Securities Litigation and Enforcement
Section 1, Fall 22
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While we will discuss all of the principal federal securities statutes, the objective of this course is fluency with respect to: (i) the major express and implied private rights of action under the Securities Act of 1933 and the Securities Exchange Act of 1934; and (ii) SEC enforcement (administratively and judicially) of the federal securities laws. The focus throughout the course will be on current, front-page, real-world private securities litigation and government enforcement – exactly what you can expect to see in practice. Following an overview of the development of the federal securities laws, the early weeks of the course will address private securities litigation – pleading and proof, stays of discovery, motions to dismiss, class action discovery and class action certification, merits discovery, summary judgment and trial of a nationwide securities class action. We will analyze actual securities class action complaints, and anticipate and debate what counsel involved in those matters will argue. Students will compare their work to that of the professionals involved in the actual litigation, and will see what experienced courts have to say. Later weeks will address SEC enforcement – ranging from informal inquiries, to formal investigations, and from administrative proceedings to litigation in federal court. We will focus on issues of cooperation and privilege, key settlement terms, and the distinct difference between resolution by way of administrative cease and desist, and resolution by way of federal injunction. The course will also review the potential collateral consequences of SEC settlements in terms of parallel private litigation, and suspensions and industry bar orders. The work that you will be asked to do in this course will be exactly what you are asked to do in private practice. The pace and coverage of the course will be subject to change based on: (i) class interest; and (ii) class familiarity with underlying legal issues.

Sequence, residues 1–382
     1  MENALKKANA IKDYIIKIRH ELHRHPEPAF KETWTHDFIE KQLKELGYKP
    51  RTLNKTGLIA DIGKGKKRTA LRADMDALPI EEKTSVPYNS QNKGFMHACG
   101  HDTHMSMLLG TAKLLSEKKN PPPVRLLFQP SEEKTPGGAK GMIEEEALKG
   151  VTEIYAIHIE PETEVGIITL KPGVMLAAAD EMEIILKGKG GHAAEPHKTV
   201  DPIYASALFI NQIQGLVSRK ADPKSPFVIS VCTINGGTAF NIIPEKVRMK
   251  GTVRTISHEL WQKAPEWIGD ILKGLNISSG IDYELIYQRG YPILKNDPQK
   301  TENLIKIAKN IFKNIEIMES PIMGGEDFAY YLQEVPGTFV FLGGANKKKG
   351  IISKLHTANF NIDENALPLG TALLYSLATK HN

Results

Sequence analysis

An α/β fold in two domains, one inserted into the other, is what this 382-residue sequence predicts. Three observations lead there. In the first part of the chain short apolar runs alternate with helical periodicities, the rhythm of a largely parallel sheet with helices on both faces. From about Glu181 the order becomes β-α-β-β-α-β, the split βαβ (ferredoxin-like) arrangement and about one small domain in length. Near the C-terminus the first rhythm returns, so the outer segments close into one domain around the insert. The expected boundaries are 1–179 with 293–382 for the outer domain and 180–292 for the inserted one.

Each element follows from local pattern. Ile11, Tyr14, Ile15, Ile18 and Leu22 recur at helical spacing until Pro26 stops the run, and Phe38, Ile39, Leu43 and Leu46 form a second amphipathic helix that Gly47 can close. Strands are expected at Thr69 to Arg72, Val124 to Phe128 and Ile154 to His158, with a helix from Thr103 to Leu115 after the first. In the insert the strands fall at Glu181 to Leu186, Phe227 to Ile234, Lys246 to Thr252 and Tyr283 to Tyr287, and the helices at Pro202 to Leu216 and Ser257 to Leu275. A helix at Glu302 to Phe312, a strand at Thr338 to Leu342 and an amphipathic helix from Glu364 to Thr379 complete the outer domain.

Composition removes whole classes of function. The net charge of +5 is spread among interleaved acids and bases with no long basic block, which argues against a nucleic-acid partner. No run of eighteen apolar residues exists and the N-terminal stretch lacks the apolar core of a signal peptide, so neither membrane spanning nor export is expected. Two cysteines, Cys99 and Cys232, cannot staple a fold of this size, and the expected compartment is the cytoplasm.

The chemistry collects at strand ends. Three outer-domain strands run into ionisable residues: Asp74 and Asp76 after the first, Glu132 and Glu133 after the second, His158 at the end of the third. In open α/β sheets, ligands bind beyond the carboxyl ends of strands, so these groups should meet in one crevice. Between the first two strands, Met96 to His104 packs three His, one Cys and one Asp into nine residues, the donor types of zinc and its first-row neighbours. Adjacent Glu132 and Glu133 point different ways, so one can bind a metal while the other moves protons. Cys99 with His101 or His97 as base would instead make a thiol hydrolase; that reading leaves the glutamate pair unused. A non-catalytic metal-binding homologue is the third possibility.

Final Type (if any): None
Written Work Product
Written Work Product: During the course, there will be three deliverables: two short papers (<10 pages) assigned in weeks 4 and 8 analyzing recently-filed federal securities class action complaints, and one final paper (<25 pages) constituting a fully-prepared, rule-compliant, ready for filing motion to dismiss a complaint alleging federal securities violations. The final paper will be due via EXPO no later than noon two weeks after last class session. The final paper in this course cannot be used to satisfy the Upper-Level Writing Requirement.
Class attendance and participation in analytical group discussions will be taken into consideration in assessing student performance and final grading.
Other Course Details
Prerequisites: Civil Procedure; Corporations; Securities Regulation; and Federal Courts are all helpful, but none are required. Because the credits in this course count toward the JD Program Professional Skills requirement, JD candidates will be given enrollment priority for this class. Concurrencies: Civil Procedure; Corporations; Securities Regulation; and Federal Courts are all helpful and may be taken concurrently with this course, but none are required. Because the credits in this course count toward the JD Program Professional Skills requirement, JD candidates will be given enrollment priority for this class.
Mutually Exclusive With: Advanced Topics in Securities Regulation (7138), SEC and Class Action Securities Enforcement (9181)
Laptops Allowed: Yes
First Day Attendance Required: No
Course Resources: Course Materials that are current, and updated throughout the course, will be provided free of charge, and will be supplemented throughout the course with examples of federal and state court pleadings, motions, decisions and articles of current interest.
*Satisfies Writing Requirement: No
**Credits For Prof. Skills Requirement: Yes
Satisfies Professional Ethics: No
*If “Yes,” then students are required to submit a substantial research paper in this course, which means students do not need to submit any form to SRO for this paper to meet their upper-level writing requirement. If “No,” then students must submit a “special request” e-form to SRO (available via LawWeb) no later than five weeks after the start of the term for a paper in this class to be counted toward the upper-level writing requirement.
**Yes indicates course credits count towards UVA Law’s Prof. Skills graduation requirement, not necessarily a skills requirements for any particular state bar.
Cross Listed: No
Cross-Listed Course Mnemonic:
Concentrations: Business Organization And Finance, Litigation and Procedure
Public Syllabus Link: None
Evaluation Portal Via LawWeb Opens: Wednesday, November 30, 12:01 AM
Evaluation Portal Via LawWeb Closes: Friday, December 09, 11:59 PM